Bluerise sees sustainable energy future for Saba

POSTED: 03/13/16 7:21 PM

DELFT – In the future Saba will generate all energy in a sustainable way and in the process it will also produce drinking water. That is what the Delft-based company Bluerise wants. Yesterday the company spoke with the committee for kingdom relations in parliament.

Bluerise works with thermal energy. “It uses the difference in temperature between warm water on the surface and cold deep-sea water. With that difference in temperature it is possible to generate electricity,” says Bluerise co-founder and managing director Remi Blokker.

Geographically, Saba is in an ideal location. Blokker: “You could provide energy many times over for that island. They will be able to export their electricity.”

The temperature of the pumped-up sea water is 11 degrees after the energy process; this makes it suitable as drinking water. The condensation process for the production of drinking water is more energy-efficient than the current desalination processes. Saba would never be short of water again.

The Dutch parliament is interested. “A couple of months ago the VVD contacted us about our project in Curacao,” says Bluerise CEO Paul Dinnissen. “We did that and then they asked whether this would not be suitable for Saba. We made a quick scan and now we are going to explain to the parliament the opportunities we see.”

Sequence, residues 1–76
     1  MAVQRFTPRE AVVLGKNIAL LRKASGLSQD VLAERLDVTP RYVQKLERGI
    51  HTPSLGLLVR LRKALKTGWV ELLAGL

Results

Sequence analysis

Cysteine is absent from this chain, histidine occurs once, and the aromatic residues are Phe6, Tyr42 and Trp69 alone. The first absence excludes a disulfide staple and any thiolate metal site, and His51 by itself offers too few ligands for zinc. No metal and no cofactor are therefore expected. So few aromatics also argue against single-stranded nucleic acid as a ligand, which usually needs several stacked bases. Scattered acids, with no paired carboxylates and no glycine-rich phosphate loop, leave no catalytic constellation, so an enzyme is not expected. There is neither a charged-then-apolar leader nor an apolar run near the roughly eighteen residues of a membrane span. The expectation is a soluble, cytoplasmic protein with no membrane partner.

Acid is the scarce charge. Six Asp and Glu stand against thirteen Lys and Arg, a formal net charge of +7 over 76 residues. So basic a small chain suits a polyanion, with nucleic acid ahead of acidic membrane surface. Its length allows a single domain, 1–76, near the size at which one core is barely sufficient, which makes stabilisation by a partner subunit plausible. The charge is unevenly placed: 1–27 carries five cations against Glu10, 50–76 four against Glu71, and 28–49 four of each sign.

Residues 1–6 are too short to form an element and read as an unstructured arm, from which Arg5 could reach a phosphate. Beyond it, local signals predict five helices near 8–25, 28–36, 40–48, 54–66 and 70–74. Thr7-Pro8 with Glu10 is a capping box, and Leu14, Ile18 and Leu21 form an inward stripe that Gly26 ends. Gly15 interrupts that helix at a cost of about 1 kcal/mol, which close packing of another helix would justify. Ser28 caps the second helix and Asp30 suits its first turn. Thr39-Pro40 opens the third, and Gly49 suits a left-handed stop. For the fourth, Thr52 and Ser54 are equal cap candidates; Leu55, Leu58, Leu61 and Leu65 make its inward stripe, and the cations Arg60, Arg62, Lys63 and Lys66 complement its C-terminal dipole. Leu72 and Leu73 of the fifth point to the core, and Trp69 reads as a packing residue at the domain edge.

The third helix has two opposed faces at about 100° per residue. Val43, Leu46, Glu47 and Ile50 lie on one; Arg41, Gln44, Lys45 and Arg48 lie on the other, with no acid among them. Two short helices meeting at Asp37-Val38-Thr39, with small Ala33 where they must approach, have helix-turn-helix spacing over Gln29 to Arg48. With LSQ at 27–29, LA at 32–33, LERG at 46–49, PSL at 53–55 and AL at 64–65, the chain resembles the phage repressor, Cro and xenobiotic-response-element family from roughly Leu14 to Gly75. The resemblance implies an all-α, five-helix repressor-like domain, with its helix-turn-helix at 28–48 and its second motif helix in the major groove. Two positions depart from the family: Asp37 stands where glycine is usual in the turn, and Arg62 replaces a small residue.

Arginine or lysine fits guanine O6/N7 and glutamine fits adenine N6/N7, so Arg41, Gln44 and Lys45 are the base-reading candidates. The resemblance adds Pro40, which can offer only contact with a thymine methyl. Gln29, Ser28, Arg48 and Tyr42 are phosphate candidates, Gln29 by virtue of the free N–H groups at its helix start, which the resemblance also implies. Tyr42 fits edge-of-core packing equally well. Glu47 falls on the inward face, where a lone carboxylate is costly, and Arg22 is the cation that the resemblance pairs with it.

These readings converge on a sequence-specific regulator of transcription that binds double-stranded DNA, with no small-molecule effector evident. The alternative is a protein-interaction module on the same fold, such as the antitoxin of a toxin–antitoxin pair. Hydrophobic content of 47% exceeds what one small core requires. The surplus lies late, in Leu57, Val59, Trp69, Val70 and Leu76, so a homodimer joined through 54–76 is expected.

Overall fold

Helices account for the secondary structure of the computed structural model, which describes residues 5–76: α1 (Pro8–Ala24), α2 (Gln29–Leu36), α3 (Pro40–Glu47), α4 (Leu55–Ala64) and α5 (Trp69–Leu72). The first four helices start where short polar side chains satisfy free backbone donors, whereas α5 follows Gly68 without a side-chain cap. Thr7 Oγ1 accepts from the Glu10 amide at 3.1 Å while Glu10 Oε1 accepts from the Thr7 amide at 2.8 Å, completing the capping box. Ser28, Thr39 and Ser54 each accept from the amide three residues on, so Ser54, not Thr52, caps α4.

Not everyone is familiar with thermal energy, Dinnissen knows. “We want to promote this technology in the parliament. This form of energy is not available in the Netherlands, but in the Caribbean it is. The first impressions are good. However, to be able to say with certainty whether this form of sustainable energy is suitable for Saba, we first have to look at the demand, which parties play a role and first and foremost, what the island considers important. It has to be right financially, but it also has to fit with the wishes the people in Saba have.”

A pilot study could provide more clarity. The costs of such a study depend heavily on the scope of the research. The starting point is several tens of thousands of euros. Dinnissen: “Whether that pilot study will materialize, depends on the governments that are involved.”

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